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Genetic Testing of Samples From Deceased Patients With Tubo-ovarian Cancer to Inform Families of Identification of Pathogenic Variants


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As reported in the Journal of Clinical Oncology by Delahunty et al, an Australian pilot study of a genetic testing program (TRACEBACK) for deceased patients with tubo-ovarian cancer was successful in identifying pathogenic variants in samples from the patients, informing family, and engaging family members in genetic testing.

As stated by the investigators, “Although Australian testing rates are now high, pathogenic variants in patients with tubo-ovarian cancer whose diagnosis predated revised testing guidelines might have been missed. We assessed the feasibility of detecting pathogenic variants in this population to enable genetic risk reduction in relatives.”

Study Details

In the study, deceased probands were identified from research cohort studies, through a relative, and through gynecologic oncology clinics. DNA extracted from archival tissue or stored blood underwent panel sequencing of 10 risk-associated genes (BRCA1, BRCA2, RAD51C, RAD51D, BRIP1, PALB2, MLH1, MSH2, MSH6, and PMS2). Testing of deceased probands identified through clinic records was performed with a consent waiver.

Key Findings

Eighty-five pathogenic variants were identified in 84 (11%) of 787 deceased probands. Of the 84, 60 (71%) had familial contacts that could be identified. Familial contacts of 39 (65%) of the 60 received written notification of results; follow-up verbal contact was made with 33 (85%) of the 39.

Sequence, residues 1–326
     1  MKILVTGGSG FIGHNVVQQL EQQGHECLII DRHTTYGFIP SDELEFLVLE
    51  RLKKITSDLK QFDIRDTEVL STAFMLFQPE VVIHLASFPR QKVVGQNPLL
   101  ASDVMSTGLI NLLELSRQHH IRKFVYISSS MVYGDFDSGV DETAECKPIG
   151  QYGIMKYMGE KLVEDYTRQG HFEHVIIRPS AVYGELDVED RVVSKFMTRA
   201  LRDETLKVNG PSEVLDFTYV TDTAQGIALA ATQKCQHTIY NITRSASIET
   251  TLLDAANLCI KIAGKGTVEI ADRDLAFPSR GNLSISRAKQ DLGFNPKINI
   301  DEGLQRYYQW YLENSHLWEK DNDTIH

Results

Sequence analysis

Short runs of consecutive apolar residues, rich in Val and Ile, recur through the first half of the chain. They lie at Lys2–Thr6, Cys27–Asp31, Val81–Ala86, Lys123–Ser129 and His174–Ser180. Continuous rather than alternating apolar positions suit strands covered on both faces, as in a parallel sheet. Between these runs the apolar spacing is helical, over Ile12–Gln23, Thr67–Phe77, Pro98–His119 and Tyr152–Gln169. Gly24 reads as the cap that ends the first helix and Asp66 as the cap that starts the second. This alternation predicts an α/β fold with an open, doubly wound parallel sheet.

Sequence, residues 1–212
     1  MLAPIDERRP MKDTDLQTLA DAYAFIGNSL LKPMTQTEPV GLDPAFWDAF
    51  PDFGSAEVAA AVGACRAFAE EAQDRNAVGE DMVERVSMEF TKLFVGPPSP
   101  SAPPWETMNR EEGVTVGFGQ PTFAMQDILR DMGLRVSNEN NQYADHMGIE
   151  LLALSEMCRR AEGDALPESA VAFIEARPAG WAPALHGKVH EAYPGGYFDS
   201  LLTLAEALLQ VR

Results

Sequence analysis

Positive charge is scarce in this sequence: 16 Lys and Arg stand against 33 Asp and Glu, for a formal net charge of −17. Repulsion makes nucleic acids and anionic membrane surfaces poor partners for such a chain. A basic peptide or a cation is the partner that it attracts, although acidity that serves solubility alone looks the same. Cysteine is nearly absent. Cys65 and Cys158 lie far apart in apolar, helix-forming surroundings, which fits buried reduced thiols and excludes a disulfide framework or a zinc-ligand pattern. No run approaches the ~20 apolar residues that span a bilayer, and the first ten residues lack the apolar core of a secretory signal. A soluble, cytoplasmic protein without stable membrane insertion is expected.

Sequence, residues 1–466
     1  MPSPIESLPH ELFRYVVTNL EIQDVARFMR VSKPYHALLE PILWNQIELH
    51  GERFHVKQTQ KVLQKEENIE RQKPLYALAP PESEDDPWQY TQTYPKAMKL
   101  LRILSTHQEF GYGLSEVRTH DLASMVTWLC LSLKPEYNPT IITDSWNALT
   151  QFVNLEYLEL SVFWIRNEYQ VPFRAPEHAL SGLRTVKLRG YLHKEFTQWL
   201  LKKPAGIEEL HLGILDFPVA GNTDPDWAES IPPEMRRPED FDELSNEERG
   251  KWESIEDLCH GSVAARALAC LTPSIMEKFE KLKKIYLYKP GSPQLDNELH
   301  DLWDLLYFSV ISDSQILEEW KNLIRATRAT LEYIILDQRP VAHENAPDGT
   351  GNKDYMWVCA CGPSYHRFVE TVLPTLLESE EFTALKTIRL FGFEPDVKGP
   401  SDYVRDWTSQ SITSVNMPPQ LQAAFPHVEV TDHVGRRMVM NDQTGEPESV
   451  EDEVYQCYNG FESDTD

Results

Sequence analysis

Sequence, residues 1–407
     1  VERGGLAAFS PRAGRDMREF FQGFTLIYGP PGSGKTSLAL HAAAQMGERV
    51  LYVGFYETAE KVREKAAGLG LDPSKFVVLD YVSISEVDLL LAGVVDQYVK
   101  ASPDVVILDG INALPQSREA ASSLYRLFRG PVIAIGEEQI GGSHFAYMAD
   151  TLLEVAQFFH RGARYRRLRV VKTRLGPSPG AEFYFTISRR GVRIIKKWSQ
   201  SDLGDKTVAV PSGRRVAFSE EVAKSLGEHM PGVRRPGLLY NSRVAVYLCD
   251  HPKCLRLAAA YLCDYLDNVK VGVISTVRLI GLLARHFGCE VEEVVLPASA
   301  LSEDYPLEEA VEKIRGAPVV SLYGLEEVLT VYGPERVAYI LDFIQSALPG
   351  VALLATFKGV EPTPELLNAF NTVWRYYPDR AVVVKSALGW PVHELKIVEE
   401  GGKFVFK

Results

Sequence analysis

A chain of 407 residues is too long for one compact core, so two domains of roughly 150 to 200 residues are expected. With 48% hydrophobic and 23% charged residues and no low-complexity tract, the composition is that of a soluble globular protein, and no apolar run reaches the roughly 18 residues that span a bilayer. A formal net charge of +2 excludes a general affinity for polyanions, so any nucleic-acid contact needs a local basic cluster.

Among the 33 cases with verbal contact, four families were already aware of the pathogenic variant. For 29 families (88%), the genetic status had been unknown. Referral to a genetic service was accepted by 19 (66%) of the 29.

The investigators concluded, “We overcame ethical and logistic challenges to demonstrate that retrospective genetic testing to identify pathogenic variants in previously untested deceased probands with tubo-ovarian cancer is feasible. Understanding reasons for a family member’s decision to accept or decline a referral will be important for guiding future TRACEBACK projects.”

Kathryn Alsop, PhD, of the Peter MacCallum Cancer Centre, Melbourne, is the corresponding author for the Journal of Clinical Oncology article.

Disclosure: The study was supported by the Australian Government under the Public Health and Chronic Disease Grant Program and others. For full disclosures of the study authors, visit ascopubs.org.

The content in this post has not been reviewed by the American Society of Clinical Oncology, Inc. (ASCO®) and does not necessarily reflect the ideas and opinions of ASCO®.
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